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How to manage social anxiety

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, 6 min read

How to manage social anxiety

Social Anxiety (previously referred to as social phobia) is a common mental health condition that affects around 7.1% of US adults. If you’re struggling with social anxiety, you’re definitely not alone. In fact, around 15 million other Americans are struggling with the same mental health issues. 

The good news is that with some help from a mental health professional, you can learn to manage social anxiety and—in some cases—even overcome social anxiety. Before we look at how to manage social anxiety, let’s first clarify what it is.

What is social anxiety disorder?

The term social anxiety is often used flippantly to describe feelings of shyness or self-consciousness in social situations. However, for those who suffer from social anxiety disorder, it is an intense fear which can get in the way of daily life and significantly impact their emotional well-being.

Those with social anxiety disorder struggle with social events and worry that they will be scrutinized, ridiculed, or judged by others. From one-on-one social interactions such as dates to situations where they have to stand up and talk in front of others and be the center of attention, the fear and anxiety can be crippling.

Some situations that can be difficult for those struggling with social anxiety disorder include:

  • Public speaking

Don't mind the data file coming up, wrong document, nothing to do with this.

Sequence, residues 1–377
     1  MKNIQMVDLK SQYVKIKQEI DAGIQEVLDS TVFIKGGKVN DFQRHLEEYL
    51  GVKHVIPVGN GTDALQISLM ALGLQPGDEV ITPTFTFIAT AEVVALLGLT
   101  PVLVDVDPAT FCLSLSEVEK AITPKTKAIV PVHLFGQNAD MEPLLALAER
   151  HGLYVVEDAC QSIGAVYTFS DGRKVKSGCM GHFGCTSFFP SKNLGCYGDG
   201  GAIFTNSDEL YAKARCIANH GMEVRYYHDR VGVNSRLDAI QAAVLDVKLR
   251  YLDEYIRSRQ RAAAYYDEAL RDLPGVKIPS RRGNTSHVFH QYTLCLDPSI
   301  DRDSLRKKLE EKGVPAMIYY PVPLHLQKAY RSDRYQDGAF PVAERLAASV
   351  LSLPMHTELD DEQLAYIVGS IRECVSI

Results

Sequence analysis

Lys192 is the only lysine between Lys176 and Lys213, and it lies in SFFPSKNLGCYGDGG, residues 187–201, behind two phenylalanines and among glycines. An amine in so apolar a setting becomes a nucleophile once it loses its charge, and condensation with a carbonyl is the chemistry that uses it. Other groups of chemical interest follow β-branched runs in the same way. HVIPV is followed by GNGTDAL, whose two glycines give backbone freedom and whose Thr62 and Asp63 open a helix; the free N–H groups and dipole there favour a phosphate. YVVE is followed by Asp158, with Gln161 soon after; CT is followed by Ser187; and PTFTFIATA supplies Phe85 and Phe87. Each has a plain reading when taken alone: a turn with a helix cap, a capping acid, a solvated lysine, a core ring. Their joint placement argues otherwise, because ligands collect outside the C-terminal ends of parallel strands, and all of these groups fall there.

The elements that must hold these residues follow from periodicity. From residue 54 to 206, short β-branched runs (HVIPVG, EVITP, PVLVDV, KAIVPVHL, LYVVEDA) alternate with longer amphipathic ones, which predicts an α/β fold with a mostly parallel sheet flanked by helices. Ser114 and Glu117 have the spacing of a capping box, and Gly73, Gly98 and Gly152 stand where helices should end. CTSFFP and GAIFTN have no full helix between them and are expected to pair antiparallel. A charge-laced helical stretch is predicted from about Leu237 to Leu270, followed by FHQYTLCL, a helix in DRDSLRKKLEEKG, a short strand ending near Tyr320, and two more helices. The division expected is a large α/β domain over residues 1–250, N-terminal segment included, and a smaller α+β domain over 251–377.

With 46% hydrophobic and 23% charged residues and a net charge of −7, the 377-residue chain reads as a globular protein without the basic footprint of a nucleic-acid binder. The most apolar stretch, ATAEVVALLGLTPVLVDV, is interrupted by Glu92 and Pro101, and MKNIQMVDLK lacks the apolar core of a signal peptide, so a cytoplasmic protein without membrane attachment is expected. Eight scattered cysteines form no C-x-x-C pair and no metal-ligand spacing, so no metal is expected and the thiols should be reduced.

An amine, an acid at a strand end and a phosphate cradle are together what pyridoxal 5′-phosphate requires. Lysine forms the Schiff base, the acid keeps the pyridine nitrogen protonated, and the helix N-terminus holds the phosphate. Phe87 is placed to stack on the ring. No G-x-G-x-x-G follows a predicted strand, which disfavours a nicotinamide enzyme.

• Eating in public
  • Meeting new people
  • Dates
  • Job interviews
  • Talking to staff at stores or restaurants
  • Answering questions in a classroom setting

What are the symptoms of social anxiety?

There are both emotional and physical symptoms of social anxiety that can include:

  • Blushing, sweating, or trembling
  • An increased or rapid heart rate
  • Upset stomach or feelings of nausea
  • Breathlessness
  • Dizziness
  • Muscle tension
  • Mind blanks
  • Having trouble with basic social skills such as maintaining eye contact
  • Avoiding certain places and social situations
  • Intense fear of interacting with strangers
  • Negative thoughts and expecting the worst out of social interactions
  • Fear of embarrassment or humiliation

In order for an official diagnosis to be made, the fear and anxiety must be present for at least six months. They must significantly affect one’s behaviors and ability to function on a day-to-day basis.

Treatment options and coping strategies for social anxiety disorder

If you, a family member, or a friend are struggling with symptoms of social anxiety disorder, it’s important to reach out to your healthcare provider. Self-help can be great in the right circumstances, but it’s also important to seek professional help to make sure that you are getting the right treatment. Everybody is different and a psychiatry expert will be able to help you navigate the various treatment options, medication, and coping techniques to find the right strategy for you.

Cognitive behavioral therapy for social anxiety

The most common treatment for social anxiety disorder is a type of psychotherapy called Cognitive Behavioral Therapy (CBT). This involves a range of techniques including Exposure Therapy and Acceptance & Commitment Therapy (ACT). 

Together, these techniques and therapies teach different ways of thinking, behaving, and reacting to difficult situations. This kind of therapy also helps patients to practice various social skills and can be delivered in a group setting or on a one-to-one basis.

Medication for social anxiety disorder

As we’ve already mentioned, everybody is a little bit different. Some people who suffer from social anxiety disorder may respond well to therapy whereas others might need a combination of therapy and medication. Again, a mental health professional will be able to help you to understand the best course of action for you, so it’s important to reach out to your healthcare provider before trying any new medication for anxiety.